Sound reducing surfaces such as rugs, wall panels and fabrics within a room will help to prevent unwanted distraction. Using a cork board or fabric pin board behind your desk can help reduce sound reverberation.

    WELL concept: COMFORT
    Impacted body systems: Cardiovascular, Endocrine, Immune and Nervous

  • Finding a comfortable room temperature can be difficult

    Thermal comfort differs from person to person and can be a distraction. Maintaining an indoor temperature of at least 15°C, but between 19-28°C is recommended for comfort. If you are unable manage your thermal comfort through clothing choice or by moving to cooler or warmer parts of the house, fans or heating will need to be relied upon.

    WELL concept: COMFORT
    Impacted body systems: Immune, Integumentary, Nervous and Respiratory.

  • Consider your chair position to prevent issues with posture

    Invest in an ergonomic desk chair as this will ensure proper lumbar back support, if this isn’t an option for you then a chair with a solid back will offer better comfort for your posture than a kitchen stool or the sofa. Ensure you take regular breaks to stretch.

    WELL concept: COMFORT
    Impacted body systems: Muscular and Skeletal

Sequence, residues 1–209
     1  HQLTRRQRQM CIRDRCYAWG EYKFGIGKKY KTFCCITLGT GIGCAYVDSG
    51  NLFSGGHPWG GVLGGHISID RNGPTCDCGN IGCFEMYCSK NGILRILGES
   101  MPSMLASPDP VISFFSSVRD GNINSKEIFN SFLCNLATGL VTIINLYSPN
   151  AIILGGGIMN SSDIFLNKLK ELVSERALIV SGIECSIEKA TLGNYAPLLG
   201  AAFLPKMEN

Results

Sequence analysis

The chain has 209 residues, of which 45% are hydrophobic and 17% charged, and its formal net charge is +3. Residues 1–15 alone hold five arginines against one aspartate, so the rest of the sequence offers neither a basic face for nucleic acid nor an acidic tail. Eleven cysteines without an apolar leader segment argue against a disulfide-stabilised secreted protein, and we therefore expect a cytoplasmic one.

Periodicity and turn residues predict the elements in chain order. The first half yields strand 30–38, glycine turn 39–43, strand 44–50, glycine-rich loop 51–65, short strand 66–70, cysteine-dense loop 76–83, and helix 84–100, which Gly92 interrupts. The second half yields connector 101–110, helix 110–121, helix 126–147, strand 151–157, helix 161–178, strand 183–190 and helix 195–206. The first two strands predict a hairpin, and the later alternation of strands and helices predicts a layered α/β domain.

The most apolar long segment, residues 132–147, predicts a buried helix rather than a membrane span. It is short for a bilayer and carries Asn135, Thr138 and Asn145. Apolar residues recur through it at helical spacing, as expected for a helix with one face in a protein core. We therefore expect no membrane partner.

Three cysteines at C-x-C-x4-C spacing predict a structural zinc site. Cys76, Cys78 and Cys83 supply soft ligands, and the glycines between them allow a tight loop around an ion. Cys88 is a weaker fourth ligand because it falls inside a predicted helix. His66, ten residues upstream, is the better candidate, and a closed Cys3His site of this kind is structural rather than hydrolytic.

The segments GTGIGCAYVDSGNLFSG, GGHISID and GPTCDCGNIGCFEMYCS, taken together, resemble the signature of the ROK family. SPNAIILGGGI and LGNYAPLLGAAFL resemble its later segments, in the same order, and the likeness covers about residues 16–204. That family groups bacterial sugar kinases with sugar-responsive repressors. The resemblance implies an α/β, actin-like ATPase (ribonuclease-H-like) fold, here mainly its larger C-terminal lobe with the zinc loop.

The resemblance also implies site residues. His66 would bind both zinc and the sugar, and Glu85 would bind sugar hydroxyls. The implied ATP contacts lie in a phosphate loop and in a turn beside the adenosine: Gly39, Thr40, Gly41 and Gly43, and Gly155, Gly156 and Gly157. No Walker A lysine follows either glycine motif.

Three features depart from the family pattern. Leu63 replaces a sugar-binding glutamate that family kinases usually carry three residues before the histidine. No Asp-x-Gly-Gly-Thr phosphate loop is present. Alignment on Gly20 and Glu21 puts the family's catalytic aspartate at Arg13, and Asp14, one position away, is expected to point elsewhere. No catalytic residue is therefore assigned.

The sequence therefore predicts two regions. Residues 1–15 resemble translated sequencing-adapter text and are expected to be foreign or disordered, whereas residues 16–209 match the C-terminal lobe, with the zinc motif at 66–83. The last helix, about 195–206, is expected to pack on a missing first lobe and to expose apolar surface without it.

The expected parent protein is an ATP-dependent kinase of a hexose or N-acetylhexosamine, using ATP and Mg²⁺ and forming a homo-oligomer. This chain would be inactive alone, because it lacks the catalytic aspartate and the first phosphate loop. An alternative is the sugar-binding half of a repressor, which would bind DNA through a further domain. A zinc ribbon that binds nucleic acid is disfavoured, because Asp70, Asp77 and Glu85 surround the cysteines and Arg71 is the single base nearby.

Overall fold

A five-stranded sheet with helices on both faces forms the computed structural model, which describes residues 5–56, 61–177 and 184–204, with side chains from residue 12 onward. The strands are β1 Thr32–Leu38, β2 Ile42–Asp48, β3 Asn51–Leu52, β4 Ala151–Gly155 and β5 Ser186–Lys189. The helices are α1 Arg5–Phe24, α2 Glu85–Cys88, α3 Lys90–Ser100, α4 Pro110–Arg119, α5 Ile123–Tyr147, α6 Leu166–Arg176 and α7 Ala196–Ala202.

• Take breaks in your day for physical activity

    If possible, designate an internal or external space for physical activity, with enough room for an exercise mat allowing for movement. Follow an online exercise routine or engage with family and friends for encouragement.

    WELL concept: FITNESS
    Impacted body systems: Cardiovascular, Muscular and Skeletal

  • Move from sitting at your desk by taking your laptop or phone to a different room

    Allow yourself intermittent bouts of physical activity to reduce sedentary behaviour. If you are looking to work from home more often in the long term and are able to invest in your workspace set up, consider using an adjustable height standing desk (or desktop height adjustment stand) to avoid prolonged sitting. Portable desk pedals or stepper machines are also available as active furnishing ideas. Search for second hand equipment to save on some money and to prevent it from going to landfill.

    WELL concept: FITNESS
    Impacted body systems: Cardiovascular, Muscular and Skeletal

  • Enjoy a healthy and balanced diet